Wednesday 4 December 2013

M is for Mary

Mary, Queen of Heaven

Mary is mentioned by name less than twenty times in the New Testament, and once or twice, she was given short shrift even by her Son. The early church followed suit until confusion began to creep in among many of the faithful as to whether Christ had a human nature at all. Many suggested that Mary was either an ‘empty purse’ (1) briefly carrying the wholly Divine ‘Gold’, or a vessel for the human aspect of Christ only. Over time, this confusion and the resulting heresies provoked a two pronged dogmatic response:

At the Council of Ephesus in 431, Mary was declared Theotokos, or Christ-bearer.  The council affirmed that Christ was born of woman, and was not merely a Divine boarder for nine months. This was a vital point. In the theology of the Orthodox Church, Christ, from the moment of conception, was fully God and fully man. Mary’s wholly human nature and Christ’s assumed humanity meant that human nature could be restored once more into the fellowship of God. By assuming flesh, Christ saved mankind from the original sin of Adam and Eve.

Her second dogmatic title “Ever Virgin” (Aie-parthenos)  was awarded at the Fifth Ecumenical Council in 553. It has interested scholars as well as skeptics ever since.’ Some have suggested that the word ‘virgin’ was  in fact an error, a Greek  translator’s misreading of the  Hebrew word for “young woman” in Isaiah.(7:14 ).  Even if that were true, it does not explain why this virginity had to become perpetual. It necessitated a fandangle around the other brothers of Christ mentioned in the New Testament. Orthodoxy got around this by suggesting that brother meant cousin or that she had step-children. A  belief involving the combination of both mother and virgin seems to detract somewhat from the insistence on her humanity in the Council of 431.  Then again, the idea of virginity and purity has had a long run.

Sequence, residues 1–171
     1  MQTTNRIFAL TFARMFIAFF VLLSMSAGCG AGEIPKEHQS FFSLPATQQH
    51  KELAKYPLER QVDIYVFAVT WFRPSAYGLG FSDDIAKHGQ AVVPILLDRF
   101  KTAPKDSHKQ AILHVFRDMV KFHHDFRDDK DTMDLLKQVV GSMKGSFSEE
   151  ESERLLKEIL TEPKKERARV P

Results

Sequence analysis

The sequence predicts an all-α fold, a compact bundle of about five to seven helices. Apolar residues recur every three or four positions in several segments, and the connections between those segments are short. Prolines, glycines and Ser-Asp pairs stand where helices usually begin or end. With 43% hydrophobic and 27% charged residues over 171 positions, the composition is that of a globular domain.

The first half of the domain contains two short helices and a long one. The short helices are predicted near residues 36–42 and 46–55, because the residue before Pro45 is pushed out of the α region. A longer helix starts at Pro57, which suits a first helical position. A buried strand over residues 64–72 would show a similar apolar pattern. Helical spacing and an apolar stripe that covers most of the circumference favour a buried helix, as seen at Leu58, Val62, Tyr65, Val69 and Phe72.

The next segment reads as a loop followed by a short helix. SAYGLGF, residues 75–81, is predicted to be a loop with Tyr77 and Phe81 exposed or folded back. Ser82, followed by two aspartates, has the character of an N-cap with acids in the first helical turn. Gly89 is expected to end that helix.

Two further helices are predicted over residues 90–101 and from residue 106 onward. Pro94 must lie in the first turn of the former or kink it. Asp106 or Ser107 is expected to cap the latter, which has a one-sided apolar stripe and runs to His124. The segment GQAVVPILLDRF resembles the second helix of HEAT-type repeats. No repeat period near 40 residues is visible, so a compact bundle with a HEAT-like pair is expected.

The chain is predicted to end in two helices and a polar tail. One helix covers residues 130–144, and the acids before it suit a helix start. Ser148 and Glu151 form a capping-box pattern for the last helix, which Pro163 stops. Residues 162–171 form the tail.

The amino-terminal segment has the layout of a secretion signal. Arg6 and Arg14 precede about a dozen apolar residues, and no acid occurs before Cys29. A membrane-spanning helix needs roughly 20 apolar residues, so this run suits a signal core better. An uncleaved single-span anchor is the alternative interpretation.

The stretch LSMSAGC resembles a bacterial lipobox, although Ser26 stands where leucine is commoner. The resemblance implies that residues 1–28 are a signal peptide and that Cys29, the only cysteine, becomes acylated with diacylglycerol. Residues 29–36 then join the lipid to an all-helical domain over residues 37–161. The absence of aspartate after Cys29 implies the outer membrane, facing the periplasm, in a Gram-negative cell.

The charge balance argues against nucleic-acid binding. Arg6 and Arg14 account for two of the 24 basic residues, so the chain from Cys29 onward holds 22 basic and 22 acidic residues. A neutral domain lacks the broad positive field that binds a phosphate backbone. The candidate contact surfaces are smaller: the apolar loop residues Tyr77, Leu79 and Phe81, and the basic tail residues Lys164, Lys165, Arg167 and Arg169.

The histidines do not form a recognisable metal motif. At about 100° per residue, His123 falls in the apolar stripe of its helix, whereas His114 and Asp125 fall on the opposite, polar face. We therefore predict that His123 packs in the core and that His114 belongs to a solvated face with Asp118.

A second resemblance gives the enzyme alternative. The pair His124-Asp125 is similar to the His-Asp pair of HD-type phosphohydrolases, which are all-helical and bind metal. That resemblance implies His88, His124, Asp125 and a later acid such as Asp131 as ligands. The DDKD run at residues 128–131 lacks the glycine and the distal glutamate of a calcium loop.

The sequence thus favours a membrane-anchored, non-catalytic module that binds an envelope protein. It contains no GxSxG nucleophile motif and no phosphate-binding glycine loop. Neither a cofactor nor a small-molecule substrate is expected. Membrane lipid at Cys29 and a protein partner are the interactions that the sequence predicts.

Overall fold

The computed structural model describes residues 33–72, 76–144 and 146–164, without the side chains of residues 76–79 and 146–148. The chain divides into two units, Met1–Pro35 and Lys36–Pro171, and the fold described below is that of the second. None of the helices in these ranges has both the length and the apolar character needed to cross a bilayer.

A student of myth would suggest that a god visiting a virgin and producing a demi-god is part of an age-old archetypal pattern and a pretty common one at that, but these god-visited virgins  most often went on to couple with humans as well. A psychologist might dig deeper and suggest that in Greco-Roman society sexually active women were not merely frightening, but somehow defiled, even in marriage. It is a strange masculine mind set which sees as degrading an act which only men themselves perform. Such a mind set creates the corollary that virginity is akin to purity. There are many examples in paganism. Pallas Athena, Athens’ titular goddess, was a virgin and, taking the idea a step farther, the myth claims that she was not born of woman at all. She emerged directly from the forehead of her father- Zeus, a strange pathology indeed.

 In the New Testament, of course, Mary had to be married not only because any account of an unwed mother would have offended the moral sense of the world she lived in, but also to fulfill the prophecies. It was her husband Joseph, not her, who fulfilled the House of David prophecy in the Old Testament, no matter how illogical that might seem since he so clearly had no part in the child’s conception(2).

 There  seems to be a tension and ambivalence about Joseph in Greek thinking, at least on the popular level. His depiction in the wonderful Nativity Icon is telling. Mary with the Christ child is central and Joseph sits on the edge of the tableau looking rather glum. Other explanations for his demeanor are put forward but it does suggest a man not comfortable with his role having been usurped even by God or with a wife destined to be forever beyond his conjugal reach. Greeks who have traditionally given their sons the name of biblical heavy weights or saints have not traditionally invested heavily in the name Joseph.
Joseph in the Nativity Icon

 The Important thing to note, however,  is that after these two Councils, the Virgin Mary, or  Panagia, (All Holy in Greek), became a powerful figure in the Church  as well as the mighty  protectress of the Byzantine empire.

Her Icon